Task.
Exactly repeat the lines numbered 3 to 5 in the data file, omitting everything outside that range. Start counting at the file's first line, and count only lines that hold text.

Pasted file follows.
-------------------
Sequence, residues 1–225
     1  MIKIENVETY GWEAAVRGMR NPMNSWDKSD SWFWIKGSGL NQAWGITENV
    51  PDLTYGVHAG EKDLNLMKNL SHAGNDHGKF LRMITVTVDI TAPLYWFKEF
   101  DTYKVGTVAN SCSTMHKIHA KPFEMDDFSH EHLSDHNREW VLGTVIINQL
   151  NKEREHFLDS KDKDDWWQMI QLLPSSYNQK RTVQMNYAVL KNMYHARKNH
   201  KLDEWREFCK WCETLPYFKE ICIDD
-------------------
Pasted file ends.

    51  PDLTYGVHAG EKDLNLMKNL SHAGNDHGKF LRMITVTVDI TAPLYWFKEF
   101  DTYKVGTVAN SCSTMHKIHA KPFEMDDFSH EHLSDHNREW VLGTVIINQL
   151  NKEREHFLDS KDKDDWWQMI QLLPSSYNQK RTVQMNYAVL KNMYHARKNH